Figure 1. Mean plasma ketamine concentration (+/- SEM) is plotted versus ketamine target concentration (50, 100, 150, and 200 ng/ml). The correlation coefficient was R = 0.997 (P = 0.0027). The slope of the regression line (1.28) was greater than unity, resulting in plasma concentrations that were close to the 50 and 100 ng/ml target, but 15–20% higher than predicted at the 150 and 200 ng/ml targets.
Figure 1. Mean plasma ketamine concentration (+/- SEM) is plotted versus ketamine target concentration (50, 100, 150, and 200 ng/ml). The correlation coefficient was R = 0.997 (P = 0.0027). The slope of the regression line (1.28) was greater than unity, resulting in plasma concentrations that were close to the 50 and 100 ng/ml target, but 15–20% higher than predicted at the 150 and 200 ng/ml targets.
Figure 1. Mean plasma ketamine concentration (+/- SEM) is plotted versus ketamine target concentration (50, 100, 150, and 200 ng/ml). The correlation coefficient was R = 0.997 (P = 0.0027). The slope of the regression line (1.28) was greater than unity, resulting in plasma concentrations that were close to the 50 and 100 ng/ml target, but 15–20% higher than predicted at the 150 and 200 ng/ml targets.
×
Figure 2. Visual analog scores for scale item HIGH ("I felt high") are plotted versus ketamine plasma concentrations. Each open circle represents one pair of data points. Mean values (+/- SEM) are shown for each target concentration step (closed circles). Targets were 0, 50, 150, and 200 ng/ml. The fit of the data by linear regression is indicated by the line. Table 1lists correlation coefficients and probability values for all VAS items.
Figure 2. Visual analog scores for scale item HIGH ("I felt high") are plotted versus ketamine plasma concentrations. Each open circle represents one pair of data points. Mean values (+/- SEM) are shown for each target concentration step (closed circles). Targets were 0, 50, 150, and 200 ng/ml. The fit of the data by linear regression is indicated by the line. Table 1lists correlation coefficients and probability values for all VAS items.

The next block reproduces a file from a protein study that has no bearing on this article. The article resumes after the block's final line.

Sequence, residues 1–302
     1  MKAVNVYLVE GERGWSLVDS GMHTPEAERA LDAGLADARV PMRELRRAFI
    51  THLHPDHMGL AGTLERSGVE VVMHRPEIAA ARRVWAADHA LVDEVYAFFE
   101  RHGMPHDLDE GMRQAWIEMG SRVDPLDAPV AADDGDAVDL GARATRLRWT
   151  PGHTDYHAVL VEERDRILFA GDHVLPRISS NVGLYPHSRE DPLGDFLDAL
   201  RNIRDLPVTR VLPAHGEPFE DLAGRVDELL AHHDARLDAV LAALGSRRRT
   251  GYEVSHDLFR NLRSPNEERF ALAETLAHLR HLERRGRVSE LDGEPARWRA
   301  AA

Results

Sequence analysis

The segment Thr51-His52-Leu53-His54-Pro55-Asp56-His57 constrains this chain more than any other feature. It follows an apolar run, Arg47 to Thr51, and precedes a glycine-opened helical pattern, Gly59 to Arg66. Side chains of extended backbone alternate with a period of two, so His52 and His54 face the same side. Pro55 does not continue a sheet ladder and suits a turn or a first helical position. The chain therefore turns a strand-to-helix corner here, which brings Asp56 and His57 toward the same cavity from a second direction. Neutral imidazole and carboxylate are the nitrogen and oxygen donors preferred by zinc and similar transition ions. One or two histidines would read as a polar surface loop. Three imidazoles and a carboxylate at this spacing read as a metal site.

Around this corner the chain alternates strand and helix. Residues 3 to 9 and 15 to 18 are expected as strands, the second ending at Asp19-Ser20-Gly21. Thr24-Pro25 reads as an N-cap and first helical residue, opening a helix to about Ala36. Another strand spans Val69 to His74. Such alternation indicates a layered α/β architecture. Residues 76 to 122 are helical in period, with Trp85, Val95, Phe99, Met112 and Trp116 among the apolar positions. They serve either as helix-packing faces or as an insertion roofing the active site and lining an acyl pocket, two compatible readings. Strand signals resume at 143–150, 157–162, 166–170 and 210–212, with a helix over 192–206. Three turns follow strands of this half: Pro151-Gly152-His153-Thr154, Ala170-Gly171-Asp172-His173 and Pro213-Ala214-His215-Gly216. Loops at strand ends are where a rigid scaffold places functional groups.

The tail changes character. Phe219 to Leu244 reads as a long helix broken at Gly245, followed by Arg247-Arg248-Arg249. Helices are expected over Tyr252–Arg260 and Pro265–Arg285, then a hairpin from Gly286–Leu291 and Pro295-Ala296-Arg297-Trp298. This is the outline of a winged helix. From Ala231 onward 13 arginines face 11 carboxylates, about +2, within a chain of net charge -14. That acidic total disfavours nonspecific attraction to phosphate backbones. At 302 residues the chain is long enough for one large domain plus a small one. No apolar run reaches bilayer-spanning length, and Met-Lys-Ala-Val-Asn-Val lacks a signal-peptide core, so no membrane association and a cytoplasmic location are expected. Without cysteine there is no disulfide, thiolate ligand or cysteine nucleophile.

Figure 2. Visual analog scores for scale item HIGH ("I felt high") are plotted versus ketamine plasma concentrations. Each open circle represents one pair of data points. Mean values (+/- SEM) are shown for each target concentration step (closed circles). Targets were 0, 50, 150, and 200 ng/ml. The fit of the data by linear regression is indicated by the line. Table 1lists correlation coefficients and probability values for all VAS items.
×
Figure 3. Mean cluster hallucinogen rating scores (HRS;+/- SEM) are shown for ketamine and saline (see Methods section for description of HRS scores). The difference between ketamine and saline was statistically significant (analysis of variance; P < 0.05) for all clusters except VOLITION.
Figure 3. Mean cluster hallucinogen rating scores (HRS;+/- SEM) are shown for ketamine and saline (see Methods section for description of HRS scores). The difference between ketamine and saline was statistically significant (analysis of variance; P < 0.05) for all clusters except VOLITION.
Figure 3. Mean cluster hallucinogen rating scores (HRS;+/- SEM) are shown for ketamine and saline (see Methods section for description of HRS scores). The difference between ketamine and saline was statistically significant (analysis of variance; P < 0.05) for all clusters except VOLITION.
×
Table 1. Visual Analog Scale Results 
Image not available
Table 1. Visual Analog Scale Results 
×